Retrogression was a theme. Conservative surfing, highly contagious.
Big old day, classic QS-style meat-grinder pro surfing in classic QS-style surf.
We were informed that the daily “mailout” from the judges expressed a strong preference for progressive manouevres but for long, long stretches it was meat and potatoes that won heats.
Retrogression was a theme, so I went back over a decade to the Rip Curl Search at Puerto Rico’s Middles break. The last comp where Andy Irons, a still oft cited figure in the sport who was battling a serious opioid addiction, was alive. Sure ’nuff, in gurgly head-high rights not a million miles dissimilar to what we saw today, Dane Reynolds was a trillion times more progressive.
Whatever that means.
But then, what do we seriously expect?
In a sport held hostage to tourism money, integrity and progression are the easiest oxen to sacrifice to the God of Mammon.
Eventually we did see the usual suspects break the chains and bolt for the exits. Principally Filipe Toledo, Italo Ferreira and Yago Dora.
Gabe Medina to a lesser extent, though he didn’t need to.
His first heat was more a masterclass of slowly applied pressure. A death grip from beginning to end on Connor O’leary who didn’t seem to have the repertoire or the confidence to use it against the champ. One tail-high whipped air reverse on a nothing section was traduced by the booth as being ruined by a “boxy” style, although Richie Lovett soon qualified the slur by claiming the far more post-modern truth that “style is perception”.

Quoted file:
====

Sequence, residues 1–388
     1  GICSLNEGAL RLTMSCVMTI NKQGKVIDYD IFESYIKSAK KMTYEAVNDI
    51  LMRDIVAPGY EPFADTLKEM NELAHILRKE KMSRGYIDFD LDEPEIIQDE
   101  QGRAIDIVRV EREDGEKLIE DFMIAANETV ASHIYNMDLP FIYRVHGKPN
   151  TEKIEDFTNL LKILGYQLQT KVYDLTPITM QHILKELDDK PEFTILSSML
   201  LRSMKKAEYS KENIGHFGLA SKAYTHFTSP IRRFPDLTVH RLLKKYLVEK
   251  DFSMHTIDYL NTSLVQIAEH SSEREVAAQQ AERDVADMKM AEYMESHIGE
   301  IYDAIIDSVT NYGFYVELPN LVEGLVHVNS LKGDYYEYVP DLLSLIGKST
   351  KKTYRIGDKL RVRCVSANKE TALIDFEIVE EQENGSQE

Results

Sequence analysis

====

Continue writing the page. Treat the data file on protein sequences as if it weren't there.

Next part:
Connor spent the last ten minutes like a buzzing fly in the window sill. Post heat in the presser we got a glimpse of the post-Charlie Gabe ethos. Gone is the siege mentality that infuriated some and delighted others (me). In its place is a happy, relaxed Gabe performing in front of a small, tight unit: his babe and coach.
I mourn the loss of that peculiar combination that found slights to their honor everywhere they looked and cooked up strategies of revenge and redress, sometimes served as cold as ice.
A happy, content Gabe is a less interesting specimen of pro surfer to me.
But to each his and her own I guess.
I loved Julian Wilson’s presser after defeating Jack Robinson. A sore loser is a spectacle. A sore winner is an even finer one.
And Wilson was furious.
Robinson had blocked him on the final wave, totally physically blocked him and there was a blood chilling moment for Wilson when he appealed for the interference as Robinson destroyed the wave.
The interference was granted and Wilson put the knife in.
“He’s a good kid but he’s gotta get out of the way with a minute to go.”
Kid. Love it.
He then shamelessly played the local card.
“I live here,” said Wilson “been here for three years”.
I hope he draws Jack Robbo at North Point or the Box. That could be a genuine grudge match.
The heat of the day, the major upset the Woz interns will be frothing over was the JJF/Ciblic boilover.
I’m not saying Ciblic’s injury was a hoax. But if it was, what a brilliant psychological weapon to draw on JJF. Perhaps lure him into a false sense of security and drag him into that low energy semi-somnolent free-surfing state that can sometimes bedevil the 2016/17 champ.
That wasn’t really a factor, at first.
Judges did over-cook the spread on the opening exchange.
They paid meat and potatoes low repertoire over JJF’s variation and whip.
In my spiked preview piece, I had talked up Connor, talked down Morgs. Thought he was cannon fodder for the big dogs, if you’ll pardon a mangled metaphor. JJF was trying to chip away, throw down some variation.